Malaga cove archaeological site carbon dating
The researchers wanted to find out if they could identify a person's year of birth or year of death using precise measurements of carbon-14 levels in different post-mortem tissues.
They measured carbon-14 levels in various tissues from 36 humans whose birth and death dates were known.
The researchers found that year-of-death determinations based on nails were accurate to within three years.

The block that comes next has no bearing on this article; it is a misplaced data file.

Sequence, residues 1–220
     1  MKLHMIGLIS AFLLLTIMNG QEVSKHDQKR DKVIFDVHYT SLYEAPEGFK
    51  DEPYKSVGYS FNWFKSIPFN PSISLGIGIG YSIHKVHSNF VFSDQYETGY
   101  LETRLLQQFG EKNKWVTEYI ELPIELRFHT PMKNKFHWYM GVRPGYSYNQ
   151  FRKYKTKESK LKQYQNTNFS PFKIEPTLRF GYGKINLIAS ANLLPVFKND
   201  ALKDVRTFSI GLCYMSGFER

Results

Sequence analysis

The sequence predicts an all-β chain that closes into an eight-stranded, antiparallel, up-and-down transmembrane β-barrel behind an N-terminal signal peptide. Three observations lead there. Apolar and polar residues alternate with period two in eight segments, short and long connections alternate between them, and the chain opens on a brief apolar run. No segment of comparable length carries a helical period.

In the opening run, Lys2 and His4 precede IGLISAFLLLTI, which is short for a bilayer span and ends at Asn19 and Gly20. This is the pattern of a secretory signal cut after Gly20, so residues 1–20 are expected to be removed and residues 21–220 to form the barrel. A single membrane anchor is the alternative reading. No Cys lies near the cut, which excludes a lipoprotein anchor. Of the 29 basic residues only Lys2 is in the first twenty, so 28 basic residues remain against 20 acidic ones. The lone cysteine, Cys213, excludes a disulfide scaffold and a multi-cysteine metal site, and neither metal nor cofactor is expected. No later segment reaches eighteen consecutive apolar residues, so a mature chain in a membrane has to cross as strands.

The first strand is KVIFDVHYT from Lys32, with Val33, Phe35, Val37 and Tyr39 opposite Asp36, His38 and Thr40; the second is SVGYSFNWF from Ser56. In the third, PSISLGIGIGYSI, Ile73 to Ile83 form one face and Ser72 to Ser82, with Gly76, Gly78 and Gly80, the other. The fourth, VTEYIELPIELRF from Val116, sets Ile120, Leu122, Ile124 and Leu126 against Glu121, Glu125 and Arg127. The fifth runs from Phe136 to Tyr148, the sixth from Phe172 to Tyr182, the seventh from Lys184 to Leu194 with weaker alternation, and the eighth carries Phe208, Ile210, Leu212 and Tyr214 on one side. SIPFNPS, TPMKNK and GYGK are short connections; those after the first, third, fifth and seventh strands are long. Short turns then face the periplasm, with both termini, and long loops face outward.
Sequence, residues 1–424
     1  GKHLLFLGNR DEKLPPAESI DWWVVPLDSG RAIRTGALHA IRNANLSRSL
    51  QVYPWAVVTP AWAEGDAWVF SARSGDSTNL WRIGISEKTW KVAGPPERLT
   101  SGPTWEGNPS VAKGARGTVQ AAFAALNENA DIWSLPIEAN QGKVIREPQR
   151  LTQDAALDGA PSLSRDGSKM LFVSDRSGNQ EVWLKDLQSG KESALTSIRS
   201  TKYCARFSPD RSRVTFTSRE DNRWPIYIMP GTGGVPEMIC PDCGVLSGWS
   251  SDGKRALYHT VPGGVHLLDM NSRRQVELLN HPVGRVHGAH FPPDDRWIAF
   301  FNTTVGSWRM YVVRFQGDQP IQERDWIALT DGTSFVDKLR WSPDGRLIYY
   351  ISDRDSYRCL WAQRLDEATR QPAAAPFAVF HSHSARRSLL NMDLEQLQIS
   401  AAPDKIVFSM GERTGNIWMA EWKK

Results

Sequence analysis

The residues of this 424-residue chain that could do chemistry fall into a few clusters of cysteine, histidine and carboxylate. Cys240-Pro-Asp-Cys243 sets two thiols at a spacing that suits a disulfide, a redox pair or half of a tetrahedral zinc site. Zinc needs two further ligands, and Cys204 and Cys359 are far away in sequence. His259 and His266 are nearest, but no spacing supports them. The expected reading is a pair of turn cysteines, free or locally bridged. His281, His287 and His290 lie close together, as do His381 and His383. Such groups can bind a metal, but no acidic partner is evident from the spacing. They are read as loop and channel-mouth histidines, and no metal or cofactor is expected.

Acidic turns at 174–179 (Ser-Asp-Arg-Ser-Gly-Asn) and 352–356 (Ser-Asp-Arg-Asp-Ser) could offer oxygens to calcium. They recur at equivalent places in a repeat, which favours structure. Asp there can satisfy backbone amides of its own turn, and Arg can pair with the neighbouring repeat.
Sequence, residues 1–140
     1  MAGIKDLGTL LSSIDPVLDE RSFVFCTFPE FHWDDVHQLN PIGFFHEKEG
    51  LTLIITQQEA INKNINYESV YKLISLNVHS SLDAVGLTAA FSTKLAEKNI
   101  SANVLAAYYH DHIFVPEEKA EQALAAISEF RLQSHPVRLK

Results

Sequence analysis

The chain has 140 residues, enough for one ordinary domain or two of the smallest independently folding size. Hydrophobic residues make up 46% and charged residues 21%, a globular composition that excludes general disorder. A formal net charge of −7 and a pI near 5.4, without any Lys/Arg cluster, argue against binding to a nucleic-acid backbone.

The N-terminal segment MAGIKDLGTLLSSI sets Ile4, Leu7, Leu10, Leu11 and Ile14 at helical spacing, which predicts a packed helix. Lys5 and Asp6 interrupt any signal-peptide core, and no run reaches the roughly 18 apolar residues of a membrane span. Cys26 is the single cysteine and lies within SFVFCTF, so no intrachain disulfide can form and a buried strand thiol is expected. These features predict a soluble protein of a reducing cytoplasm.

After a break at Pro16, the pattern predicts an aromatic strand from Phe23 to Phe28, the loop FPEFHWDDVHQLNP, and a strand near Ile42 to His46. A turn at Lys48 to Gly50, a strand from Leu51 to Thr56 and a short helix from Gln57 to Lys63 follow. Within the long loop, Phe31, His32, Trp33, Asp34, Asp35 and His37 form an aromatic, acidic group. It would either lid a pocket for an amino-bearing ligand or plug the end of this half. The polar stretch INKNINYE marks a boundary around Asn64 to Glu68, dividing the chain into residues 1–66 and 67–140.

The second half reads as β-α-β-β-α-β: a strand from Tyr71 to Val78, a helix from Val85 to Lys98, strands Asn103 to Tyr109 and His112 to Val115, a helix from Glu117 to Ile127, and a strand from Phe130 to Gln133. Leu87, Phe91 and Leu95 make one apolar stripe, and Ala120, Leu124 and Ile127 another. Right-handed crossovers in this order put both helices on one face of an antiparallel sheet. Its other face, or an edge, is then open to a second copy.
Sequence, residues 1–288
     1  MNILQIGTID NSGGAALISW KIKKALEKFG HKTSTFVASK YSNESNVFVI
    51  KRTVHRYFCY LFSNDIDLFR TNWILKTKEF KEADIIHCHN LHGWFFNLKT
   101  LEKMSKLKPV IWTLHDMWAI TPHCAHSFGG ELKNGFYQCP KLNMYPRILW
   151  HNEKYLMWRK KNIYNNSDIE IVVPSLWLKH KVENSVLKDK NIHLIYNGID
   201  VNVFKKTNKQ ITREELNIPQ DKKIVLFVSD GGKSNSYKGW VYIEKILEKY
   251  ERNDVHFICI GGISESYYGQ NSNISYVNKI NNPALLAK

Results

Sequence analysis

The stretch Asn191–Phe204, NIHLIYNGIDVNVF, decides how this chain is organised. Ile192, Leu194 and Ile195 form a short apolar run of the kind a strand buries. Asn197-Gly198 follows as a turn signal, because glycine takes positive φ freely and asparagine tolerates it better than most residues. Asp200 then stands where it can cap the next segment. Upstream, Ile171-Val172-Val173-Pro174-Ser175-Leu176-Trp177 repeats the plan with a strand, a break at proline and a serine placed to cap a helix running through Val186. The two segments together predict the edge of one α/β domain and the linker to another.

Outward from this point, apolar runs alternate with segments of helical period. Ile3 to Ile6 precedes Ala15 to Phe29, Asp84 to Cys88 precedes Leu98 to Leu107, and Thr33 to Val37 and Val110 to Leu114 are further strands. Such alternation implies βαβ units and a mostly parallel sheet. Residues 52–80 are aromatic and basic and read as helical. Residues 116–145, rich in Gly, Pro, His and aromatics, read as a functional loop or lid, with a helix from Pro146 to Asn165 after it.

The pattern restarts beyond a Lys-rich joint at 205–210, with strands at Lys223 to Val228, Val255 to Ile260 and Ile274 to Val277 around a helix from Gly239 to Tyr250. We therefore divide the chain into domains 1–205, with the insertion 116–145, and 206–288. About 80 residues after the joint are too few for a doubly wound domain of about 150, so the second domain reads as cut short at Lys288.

To determine year of death, the researchers used radiocarbon levels in soft tissues.Over the past six decades, the amount of radiocarbon in people or their remains depends heavily on when they were born or, more precisely, when their tissues were formed.Forensic anthropologists at The University of Arizona took advantage of this fact in a recent study funded by NIJ.Archeologists use several methods to establish absolute chronology including radiocarbon dating, obsidian hydration, thermoluminescence, dendrochronology, historical records, mean ceramic dating, and pipe stem dating.Each of these methods is explained in this section.